… utterly incompatible with the principles of humanity, the long-established and incontrovertible rights of neutrals, and the sacred immunities of non-combatants… Unless the Imperial Government should now immediately declare and effect an abandonment of its present methods of submarine warfare against passenger and freight-carrying vessels, the Government of the United States can have no choice but to sever diplomatic relations with the German Empire altogether.
As before, the threat to break off diplomatic relations was understood as an immediate preamble to the opening of hostilities. Less than two months into the new unrestricted U-boat campaign, by mid-April Berlin would once again find itself facing war with the world’s most powerful neutral nation.
Rasputin’s Influence Grows
One sign of Russia’s growing instability was the constant changing of the Tsar’s cabinet, with four different prime ministers serving from 1915-1916 alone, and dozens of other ministers coming and going in a revolving door government. Following the failed attack at Lake Naroch in mid-March, Tsar Nicholas II shuffled his cabinet yet again, dismissing Minister of War Alexei Polivanov, a respected administrator, and replacing him with Dmitry Shuvaev, previously the quartermaster general, on March 25, 1916.
Although Polivanov was supposedly relieved because of the repeated defeats suffered by the Russian Army on the Eastern Front, his real offense was crossing the Tsarina Alexandra and her court favorite, the malign holy man Rasputin, who objected to Polivanov’s liberal views and personal dislike of Rasputin. His replacement was a sign of Rasputin’s growing power, as he waged proxy wars against his opponents in the cabinet and the Holy Synod, the ruling body of the Russian Orthodox Church.
Shuvaev was by all accounts a “non-entity,” as even the Tsar himself seems to have admitted. Sir John Hanbury Williams, the chief of the British military mission to Russia, recorded Nicholas’ remark about the new Minister of War in his diary on March 25, 1916: “In conversation with him on appointments, he said he would much prefer a level-headed man who was a good judge of men and knew how to work a good staff to a very brilliant man who centred too much in himself.”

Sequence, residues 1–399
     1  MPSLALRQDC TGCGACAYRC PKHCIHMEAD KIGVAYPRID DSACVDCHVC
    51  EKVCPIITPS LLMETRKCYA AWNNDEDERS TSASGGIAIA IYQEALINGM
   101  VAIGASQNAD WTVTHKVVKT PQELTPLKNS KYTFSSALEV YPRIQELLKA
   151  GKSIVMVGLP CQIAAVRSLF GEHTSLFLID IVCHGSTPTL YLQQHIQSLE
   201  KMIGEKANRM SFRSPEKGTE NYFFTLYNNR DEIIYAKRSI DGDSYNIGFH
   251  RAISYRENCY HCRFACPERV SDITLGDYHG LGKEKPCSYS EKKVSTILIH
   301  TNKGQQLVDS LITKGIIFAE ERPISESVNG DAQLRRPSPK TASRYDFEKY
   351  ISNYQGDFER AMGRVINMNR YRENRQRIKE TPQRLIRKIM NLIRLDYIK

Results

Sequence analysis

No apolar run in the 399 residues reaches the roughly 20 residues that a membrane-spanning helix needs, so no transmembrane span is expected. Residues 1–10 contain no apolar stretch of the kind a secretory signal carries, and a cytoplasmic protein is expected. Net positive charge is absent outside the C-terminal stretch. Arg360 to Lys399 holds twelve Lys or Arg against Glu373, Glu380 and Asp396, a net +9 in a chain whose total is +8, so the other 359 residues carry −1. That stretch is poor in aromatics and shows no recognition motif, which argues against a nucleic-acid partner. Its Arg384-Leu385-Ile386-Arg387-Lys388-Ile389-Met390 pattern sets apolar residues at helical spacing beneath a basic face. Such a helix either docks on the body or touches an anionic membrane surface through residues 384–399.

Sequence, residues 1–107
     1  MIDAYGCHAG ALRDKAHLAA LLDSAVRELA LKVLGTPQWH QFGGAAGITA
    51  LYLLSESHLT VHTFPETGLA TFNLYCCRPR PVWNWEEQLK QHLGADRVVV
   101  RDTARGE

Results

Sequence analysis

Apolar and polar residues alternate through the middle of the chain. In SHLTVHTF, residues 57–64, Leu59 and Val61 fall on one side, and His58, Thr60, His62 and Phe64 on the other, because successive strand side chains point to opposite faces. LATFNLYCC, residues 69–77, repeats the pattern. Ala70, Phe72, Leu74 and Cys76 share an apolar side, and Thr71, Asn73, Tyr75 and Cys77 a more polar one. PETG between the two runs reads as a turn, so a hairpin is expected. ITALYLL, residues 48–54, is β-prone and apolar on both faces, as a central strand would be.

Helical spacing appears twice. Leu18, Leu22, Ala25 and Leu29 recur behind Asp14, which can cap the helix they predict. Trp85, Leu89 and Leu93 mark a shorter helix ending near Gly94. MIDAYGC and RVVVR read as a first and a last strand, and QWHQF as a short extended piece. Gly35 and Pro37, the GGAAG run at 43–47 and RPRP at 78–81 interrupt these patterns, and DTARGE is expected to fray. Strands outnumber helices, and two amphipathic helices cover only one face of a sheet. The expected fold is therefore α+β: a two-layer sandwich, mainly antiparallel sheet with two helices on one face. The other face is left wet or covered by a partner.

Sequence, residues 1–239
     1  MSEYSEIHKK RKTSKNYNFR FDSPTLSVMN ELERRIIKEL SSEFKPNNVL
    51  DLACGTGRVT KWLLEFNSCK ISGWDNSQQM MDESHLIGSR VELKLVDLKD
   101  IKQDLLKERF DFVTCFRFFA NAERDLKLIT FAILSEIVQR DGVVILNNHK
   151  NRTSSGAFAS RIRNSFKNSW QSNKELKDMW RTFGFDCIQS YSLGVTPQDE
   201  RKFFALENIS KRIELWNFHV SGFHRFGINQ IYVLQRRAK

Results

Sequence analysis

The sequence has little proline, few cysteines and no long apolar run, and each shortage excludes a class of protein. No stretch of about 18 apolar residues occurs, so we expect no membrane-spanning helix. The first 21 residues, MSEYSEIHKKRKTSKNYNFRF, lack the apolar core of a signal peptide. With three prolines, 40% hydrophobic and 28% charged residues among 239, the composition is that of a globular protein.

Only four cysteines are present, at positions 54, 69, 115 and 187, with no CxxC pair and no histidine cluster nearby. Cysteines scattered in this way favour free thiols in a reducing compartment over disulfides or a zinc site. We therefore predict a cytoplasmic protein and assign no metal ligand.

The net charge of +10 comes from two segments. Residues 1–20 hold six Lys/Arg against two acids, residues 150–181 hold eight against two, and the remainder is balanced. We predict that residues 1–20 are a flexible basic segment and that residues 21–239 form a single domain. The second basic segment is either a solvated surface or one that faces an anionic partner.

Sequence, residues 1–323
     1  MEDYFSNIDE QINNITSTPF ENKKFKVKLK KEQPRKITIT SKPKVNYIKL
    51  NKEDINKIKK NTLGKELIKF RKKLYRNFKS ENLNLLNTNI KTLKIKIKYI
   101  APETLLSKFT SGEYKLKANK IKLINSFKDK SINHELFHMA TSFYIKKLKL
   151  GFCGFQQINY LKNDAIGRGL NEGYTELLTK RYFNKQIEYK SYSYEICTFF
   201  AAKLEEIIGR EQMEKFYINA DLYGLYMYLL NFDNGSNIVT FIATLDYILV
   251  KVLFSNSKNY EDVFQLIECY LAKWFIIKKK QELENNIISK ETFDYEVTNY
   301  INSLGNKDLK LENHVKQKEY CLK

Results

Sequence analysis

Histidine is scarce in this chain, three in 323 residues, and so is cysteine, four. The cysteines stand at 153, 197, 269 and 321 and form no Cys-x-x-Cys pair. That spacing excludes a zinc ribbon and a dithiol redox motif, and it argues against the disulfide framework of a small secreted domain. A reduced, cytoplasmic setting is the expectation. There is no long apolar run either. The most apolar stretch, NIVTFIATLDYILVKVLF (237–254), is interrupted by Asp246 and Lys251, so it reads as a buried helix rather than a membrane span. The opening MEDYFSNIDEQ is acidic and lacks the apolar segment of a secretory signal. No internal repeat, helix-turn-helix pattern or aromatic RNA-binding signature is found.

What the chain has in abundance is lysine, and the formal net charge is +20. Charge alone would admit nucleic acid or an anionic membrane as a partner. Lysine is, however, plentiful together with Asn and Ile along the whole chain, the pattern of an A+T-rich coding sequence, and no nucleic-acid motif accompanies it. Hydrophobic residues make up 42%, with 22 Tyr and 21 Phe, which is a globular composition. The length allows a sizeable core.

The French ambassador to Petrograd, Maurice Paleologue, was much more blunt, writing in his diary on April 2, 1916:
General Polivanov, the War Minister, has been relieved of his functions and replaced by General Shuvaïev, a man of mean intelligence. General Polivanov’s dismissal is a serious loss to the Alliance… He was not only an excellent administrator, as methodical and ingenious as upright and vigilant, but possessed the strategic sense in a very high degree… He seemed to be a last line of defence of the existing regime, capable of protecting it both against the extravagances of absolutism and the excesses of revolution.
Rasputin’s influence on the court was common knowledge at all levels of Russian society. On March 23, 1916, Paleologue recorded a conversation with an unnamed aristocratic woman about the precarious situation of Foreign Minister Sazonov, in which she stated her own disgust at the growing power of the Siberian peasant:
“Yes, but how much longer will he be in power? What's going on behind his back? Is there anything brewing that he knows nothing of? No doubt you know that the Empress hates him, because he has always refused to bow the knee to the abject scoundrel who is bringing Russia to shame. I won't tell you who the ruffian is; I couldn't pronounce his name without being sick.”
On March 29, 1916 he recorded another alarming conversation with Vladimir Kokovtsov, the former prime minister, who warned that Rasputin – notorious for his late-night partying and frequent visits to prostitutes – was bringing the church into fatal disrepute:
“The religious forces of this country will not be able to withstand the abominable strain upon them much longer. The Episcopate and high ecclesiastical offices are now completely under the heel of the Rasputin clique. It’s like an unclean disease, a gangrene which will soon have devoured all the higher ranks of the Church. I could shed tears of shame when I think of the ignoble traffic that goes on in the offices of the Holy Synod on certain days.”
While most of Rasputin’s opponents were whispering these sentiments behind closed doors, some were willing to risk the Tsarina’s wrath with open denunciations. The liberal Russian newspaper New Times stated the case against Rasputin in dramatic terms, and hinted at the extreme measures already under contemplation in some quarters:
How has an abject adventurer like this been able to mock Russia for so long? Is it not astounding that the Church, the Holy Synod, the aristocracy, ministers, the Senate, and many members of the State Council and Duma have degraded themselves before this low hound? The Rasputin scandals seemed perfectly natural [before but] today Russia means to put an end to all this.